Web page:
The second misconception, that in a divorce or separation, the mother is usually granted custody of the child, is archaic and not in line with the law. In a family law situation, whether divorce, separation, or custody situations for unmarried partners, gender is not an issue. The statutes specifically state that “[n]o preference in custody shall be given to the mother over the father for the sole reason that she is the mother, nor shall any preference be given to the father over the mother for the sole reason that he is the father.” ORS 109.137(5). The primary consideration is the best interests and welfare of the child. If the parents went in front of a judge to fight about custody, the court will evaluate multiple factors, such as

(a) The emotional ties between the child and other family members;
(b) The interest of the parties in and attitude toward the child;
(c) The desirability of continuing an existing relationship;
(d) The abuse of one parent by the other;
(e) The preference for the primary caregiver of the child, if the caregiver is deemed fit by the court; and
(f) The willingness and ability of each parent to facilitate and encourage a close and continuing relationship between the other parent and the child.

ORS 109.137(1). At no point is the gender of the parent assessed.

Even though gender is not an issue, parents should not fight over a child's custody in court if possible. These types of disputes create such bitterness and divisiveness that the conflict between the parents will undoubtedly be experienced by the child. For the child's benefit, it is so much better to find a way to address a custodial dispute outside of court, such as through Collaborative Divorce or Mediation. The conversations will be difficult, but those methods provide an opportunity to find creative solutions for the long-term needs and benefits of the children. In addition, it is financially beneficial to the parents to work with a mediator, whose costs may be less than half the cost of an in court litigation.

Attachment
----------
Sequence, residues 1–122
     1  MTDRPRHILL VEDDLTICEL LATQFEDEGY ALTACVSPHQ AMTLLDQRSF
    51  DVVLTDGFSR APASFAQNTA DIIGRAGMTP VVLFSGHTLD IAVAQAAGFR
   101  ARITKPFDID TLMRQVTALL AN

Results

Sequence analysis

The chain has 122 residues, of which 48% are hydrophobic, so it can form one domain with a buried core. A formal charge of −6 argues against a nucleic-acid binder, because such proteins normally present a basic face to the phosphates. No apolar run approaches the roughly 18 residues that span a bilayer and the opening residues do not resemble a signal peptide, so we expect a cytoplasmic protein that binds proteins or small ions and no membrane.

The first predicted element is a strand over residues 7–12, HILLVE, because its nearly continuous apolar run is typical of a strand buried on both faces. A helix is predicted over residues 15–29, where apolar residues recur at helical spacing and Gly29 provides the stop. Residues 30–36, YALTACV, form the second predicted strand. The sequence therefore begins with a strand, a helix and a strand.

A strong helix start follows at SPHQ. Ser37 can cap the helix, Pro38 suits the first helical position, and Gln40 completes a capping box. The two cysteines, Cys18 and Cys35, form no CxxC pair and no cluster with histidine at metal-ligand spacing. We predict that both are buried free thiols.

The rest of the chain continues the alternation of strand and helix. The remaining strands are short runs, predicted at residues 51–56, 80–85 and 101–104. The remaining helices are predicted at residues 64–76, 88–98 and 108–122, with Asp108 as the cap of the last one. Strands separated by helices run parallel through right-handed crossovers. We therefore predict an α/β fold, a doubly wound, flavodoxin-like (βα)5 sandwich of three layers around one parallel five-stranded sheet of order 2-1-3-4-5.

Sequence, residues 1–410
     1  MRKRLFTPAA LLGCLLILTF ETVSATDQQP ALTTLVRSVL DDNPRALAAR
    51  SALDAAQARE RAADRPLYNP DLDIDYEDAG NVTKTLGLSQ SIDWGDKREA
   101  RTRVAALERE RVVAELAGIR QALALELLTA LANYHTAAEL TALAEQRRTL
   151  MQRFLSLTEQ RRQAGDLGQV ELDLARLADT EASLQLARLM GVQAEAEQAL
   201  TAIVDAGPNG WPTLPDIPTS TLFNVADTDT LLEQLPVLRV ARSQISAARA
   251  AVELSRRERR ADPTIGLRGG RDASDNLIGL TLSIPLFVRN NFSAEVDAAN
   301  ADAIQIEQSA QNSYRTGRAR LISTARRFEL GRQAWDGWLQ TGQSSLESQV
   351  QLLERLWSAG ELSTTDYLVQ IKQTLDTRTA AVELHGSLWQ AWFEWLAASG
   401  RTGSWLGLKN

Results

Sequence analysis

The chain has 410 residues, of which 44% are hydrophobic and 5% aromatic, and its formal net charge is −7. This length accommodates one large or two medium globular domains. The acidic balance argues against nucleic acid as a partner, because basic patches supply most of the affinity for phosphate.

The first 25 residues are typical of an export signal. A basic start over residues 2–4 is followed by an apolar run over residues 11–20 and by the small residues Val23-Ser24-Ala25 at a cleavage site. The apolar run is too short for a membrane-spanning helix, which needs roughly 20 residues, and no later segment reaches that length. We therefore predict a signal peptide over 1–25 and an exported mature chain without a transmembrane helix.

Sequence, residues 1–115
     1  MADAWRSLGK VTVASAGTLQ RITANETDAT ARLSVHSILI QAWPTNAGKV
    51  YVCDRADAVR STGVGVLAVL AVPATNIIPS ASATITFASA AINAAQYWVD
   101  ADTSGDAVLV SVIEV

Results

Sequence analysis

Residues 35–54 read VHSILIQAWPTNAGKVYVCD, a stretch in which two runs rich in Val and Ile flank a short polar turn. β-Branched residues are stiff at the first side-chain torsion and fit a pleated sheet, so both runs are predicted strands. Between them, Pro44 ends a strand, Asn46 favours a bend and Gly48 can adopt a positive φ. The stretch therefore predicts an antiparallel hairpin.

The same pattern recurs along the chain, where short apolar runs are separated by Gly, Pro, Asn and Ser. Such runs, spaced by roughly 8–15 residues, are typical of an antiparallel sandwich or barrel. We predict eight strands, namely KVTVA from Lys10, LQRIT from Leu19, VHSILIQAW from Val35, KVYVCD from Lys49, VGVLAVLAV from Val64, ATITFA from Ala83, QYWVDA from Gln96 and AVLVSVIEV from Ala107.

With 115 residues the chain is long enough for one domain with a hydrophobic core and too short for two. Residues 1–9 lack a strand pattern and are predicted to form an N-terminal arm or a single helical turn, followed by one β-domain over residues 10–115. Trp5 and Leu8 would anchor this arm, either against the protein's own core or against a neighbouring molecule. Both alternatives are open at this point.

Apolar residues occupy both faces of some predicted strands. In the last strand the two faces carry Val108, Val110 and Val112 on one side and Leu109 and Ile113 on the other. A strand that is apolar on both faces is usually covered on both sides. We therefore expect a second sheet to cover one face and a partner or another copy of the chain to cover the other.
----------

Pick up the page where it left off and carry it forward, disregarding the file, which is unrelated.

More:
Misconception #3: A Stepparent Will Lose Contact with a Child After a Divorce or Separation.

Blended families are families – maybe not in the traditional sense. Still, the bonds could be just as strong between a stepparent and stepchild, or a parental figure and a child, as between a biological parent and a child. Suppose the marital or committed relationship falls apart. In that case, the adults must know that critical attachment may have developed between non-legal and non-biological parents and children. From a legal perspective, the stepparent could file for visitation or even custodial rights to a non-legal, non-biological child when the parental figure has established “emotional ties creating child-parent relationship.” ORS 109.119(1) and (5). If a parent is unwilling to continue a relationship, the stepparent or other person who has a child-parent relationship, may be able to force the parent to continue the relationships.

It is almost universally true that in court, legal custody battles have no winner. A cooperative co-parenting relationship between the clients will likely be damaged, possibly beyond repair. It is also likely that the child will experience the emotional tension and stress associated with the litigation. So, the court battle will not be in the child's best interest. Finally, the in-court fight will be expensive. It is better for the child and the parents to use other, more supportive, means of resolving the conflict.

As a firm focused on out-of-court solutions, such as Mediation and Collaborative Divorce, Clarity Law LLC can help guide you and your family through difficult situations involving your children and can help address the misconceptions associated with child custody situations. To learn more or schedule a consultation, contact us today.

About the Author

Patrick Ward

Patrick Ward is a Mediator and Collaborative Divorce Attorney who is committed to emotionally healthy and child-centered solutions to family conflict, such as divorce or custody disputes. He is a flexible, creative, and committed resource for clients.